Eighteen years ago, on April 19th, I remember kneeling in front of the television with my 15-year-old daughter, Nina. Tears ran down our faces as we watched the indelible image of firefighter Chris Fields holding the mortally wounded year-old baby girl, Baylee Almon. I squeezed Nina’s hand tightly as I heard that a day care in the Murrah Building, where the bombing took place, was affected. I distinctly remember saying to her: “I could never survive if something happened to any of you.”
Just three weeks later, my own baby girl, my precious daughter Nina, was killed in a drunk driving accident while we were vacationing as a family in Florida. Each April 19th since that time eighteen years ago, I am forced to remember so vividly the details of that day, as well as the prophetic statement I made to Nina before she was taken from us.
Since Nina was the neighborhood’s favorite babysitter, I like to think that she is taking care of the young ones who perished in the Murrah Building and since then. That thought gives me a small measure of comfort.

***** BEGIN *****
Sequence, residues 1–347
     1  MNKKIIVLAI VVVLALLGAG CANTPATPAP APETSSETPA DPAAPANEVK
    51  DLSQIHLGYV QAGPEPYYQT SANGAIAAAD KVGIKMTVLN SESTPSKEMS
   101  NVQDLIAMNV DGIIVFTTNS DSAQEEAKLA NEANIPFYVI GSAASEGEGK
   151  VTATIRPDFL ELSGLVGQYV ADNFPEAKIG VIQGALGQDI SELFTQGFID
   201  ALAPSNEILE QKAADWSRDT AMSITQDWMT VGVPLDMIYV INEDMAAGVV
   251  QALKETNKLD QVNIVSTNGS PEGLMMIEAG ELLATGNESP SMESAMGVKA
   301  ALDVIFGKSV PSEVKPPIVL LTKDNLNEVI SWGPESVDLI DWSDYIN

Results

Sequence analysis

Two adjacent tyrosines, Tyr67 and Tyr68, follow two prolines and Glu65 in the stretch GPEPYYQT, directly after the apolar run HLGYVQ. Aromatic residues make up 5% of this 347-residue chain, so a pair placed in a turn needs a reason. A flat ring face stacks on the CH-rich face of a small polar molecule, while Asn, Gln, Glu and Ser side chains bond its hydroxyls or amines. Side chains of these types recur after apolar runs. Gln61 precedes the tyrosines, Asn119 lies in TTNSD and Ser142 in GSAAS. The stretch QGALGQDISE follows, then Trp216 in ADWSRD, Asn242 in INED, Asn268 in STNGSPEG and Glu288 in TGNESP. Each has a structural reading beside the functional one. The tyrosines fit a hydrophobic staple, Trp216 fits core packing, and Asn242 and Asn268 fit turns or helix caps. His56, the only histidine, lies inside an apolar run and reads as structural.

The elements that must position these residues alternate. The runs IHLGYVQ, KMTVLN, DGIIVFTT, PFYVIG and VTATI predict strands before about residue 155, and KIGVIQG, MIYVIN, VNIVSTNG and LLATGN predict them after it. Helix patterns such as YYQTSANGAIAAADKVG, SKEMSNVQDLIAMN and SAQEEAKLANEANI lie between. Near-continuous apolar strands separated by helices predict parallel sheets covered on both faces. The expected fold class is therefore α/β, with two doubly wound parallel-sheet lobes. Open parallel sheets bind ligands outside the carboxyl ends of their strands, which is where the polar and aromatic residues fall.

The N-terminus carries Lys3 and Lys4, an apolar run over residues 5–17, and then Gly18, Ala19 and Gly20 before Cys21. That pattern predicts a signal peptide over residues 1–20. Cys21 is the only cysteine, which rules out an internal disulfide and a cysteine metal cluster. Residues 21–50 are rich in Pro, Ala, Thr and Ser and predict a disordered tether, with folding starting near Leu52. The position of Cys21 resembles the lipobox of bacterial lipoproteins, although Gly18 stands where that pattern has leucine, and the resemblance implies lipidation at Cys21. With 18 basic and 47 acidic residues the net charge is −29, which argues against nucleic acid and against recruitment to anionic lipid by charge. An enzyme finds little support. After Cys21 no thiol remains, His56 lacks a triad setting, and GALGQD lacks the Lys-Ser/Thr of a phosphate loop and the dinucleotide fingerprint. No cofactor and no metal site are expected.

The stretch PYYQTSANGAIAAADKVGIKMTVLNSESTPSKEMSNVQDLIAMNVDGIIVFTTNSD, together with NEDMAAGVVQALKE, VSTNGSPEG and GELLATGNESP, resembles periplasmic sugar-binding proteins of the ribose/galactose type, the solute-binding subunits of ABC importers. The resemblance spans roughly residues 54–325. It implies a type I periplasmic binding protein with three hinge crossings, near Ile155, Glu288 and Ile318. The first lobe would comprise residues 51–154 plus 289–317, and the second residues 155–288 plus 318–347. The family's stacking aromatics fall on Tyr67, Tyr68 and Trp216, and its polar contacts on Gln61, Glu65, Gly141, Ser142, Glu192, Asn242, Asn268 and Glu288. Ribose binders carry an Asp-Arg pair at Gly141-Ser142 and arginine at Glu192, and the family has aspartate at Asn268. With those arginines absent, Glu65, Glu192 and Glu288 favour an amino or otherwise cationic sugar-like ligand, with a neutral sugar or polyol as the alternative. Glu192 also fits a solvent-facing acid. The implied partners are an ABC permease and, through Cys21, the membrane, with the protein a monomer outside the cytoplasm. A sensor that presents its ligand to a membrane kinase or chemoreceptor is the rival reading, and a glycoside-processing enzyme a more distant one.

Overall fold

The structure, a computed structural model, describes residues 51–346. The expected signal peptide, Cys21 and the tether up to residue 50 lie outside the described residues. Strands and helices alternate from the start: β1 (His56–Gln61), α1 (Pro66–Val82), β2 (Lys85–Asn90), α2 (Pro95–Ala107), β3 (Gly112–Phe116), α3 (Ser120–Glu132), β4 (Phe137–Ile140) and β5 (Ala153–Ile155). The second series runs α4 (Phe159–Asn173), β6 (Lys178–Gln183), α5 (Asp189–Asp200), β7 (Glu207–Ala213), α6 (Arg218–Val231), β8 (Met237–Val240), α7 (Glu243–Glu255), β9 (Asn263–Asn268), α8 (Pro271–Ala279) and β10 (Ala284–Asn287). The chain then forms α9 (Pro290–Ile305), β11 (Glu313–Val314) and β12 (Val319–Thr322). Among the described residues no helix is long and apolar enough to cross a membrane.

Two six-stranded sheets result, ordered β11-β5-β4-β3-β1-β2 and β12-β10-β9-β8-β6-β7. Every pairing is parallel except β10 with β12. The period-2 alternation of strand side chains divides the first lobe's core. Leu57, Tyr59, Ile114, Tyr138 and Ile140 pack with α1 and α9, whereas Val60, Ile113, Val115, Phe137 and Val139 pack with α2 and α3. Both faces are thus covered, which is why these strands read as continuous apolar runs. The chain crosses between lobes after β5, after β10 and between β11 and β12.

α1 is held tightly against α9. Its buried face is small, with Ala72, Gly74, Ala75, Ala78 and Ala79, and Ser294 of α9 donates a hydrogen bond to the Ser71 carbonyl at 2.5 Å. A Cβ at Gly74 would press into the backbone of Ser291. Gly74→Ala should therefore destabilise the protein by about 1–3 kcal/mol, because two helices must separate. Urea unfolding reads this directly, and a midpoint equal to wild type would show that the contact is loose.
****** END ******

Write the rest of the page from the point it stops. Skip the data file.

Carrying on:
And here I am, unbelievably, 18 years later, still standing, and sometimes wondering why I am. But how I am doing it is easy to say: through my relationship and involvement with The Compassionate Friends, a self-help group for bereaved parents and other family members. The friends I have made through TCF who have stood by my side for the last nearly two decades, and have truly sustained me.
Not a day goes by that I do not miss my precious daughter. I love her as much as I ever did, and our relationship lives on, not in the way I would have dreamed and hoped for, but we had a tremendous love for each other, and death cannot take that away.
Naively, after that terrible tragedy in Oklahoma City 18 years ago, in the heartland of our own USA, I thought the world would get better and learn from the experience. The happenings in Boston proved otherwise. My heart is broken all over again. My prayers are with the secondary victims of that tragedy as they will now have to remember their loved ones on into the future. I hope for them the strength I found in the support of others who also had huge losses.
[from a letter to the St. Paul Pioneer Press from a reader]
As always, posted for your edification and enlightenment by
NORM ‘n’ AL, Minneapolis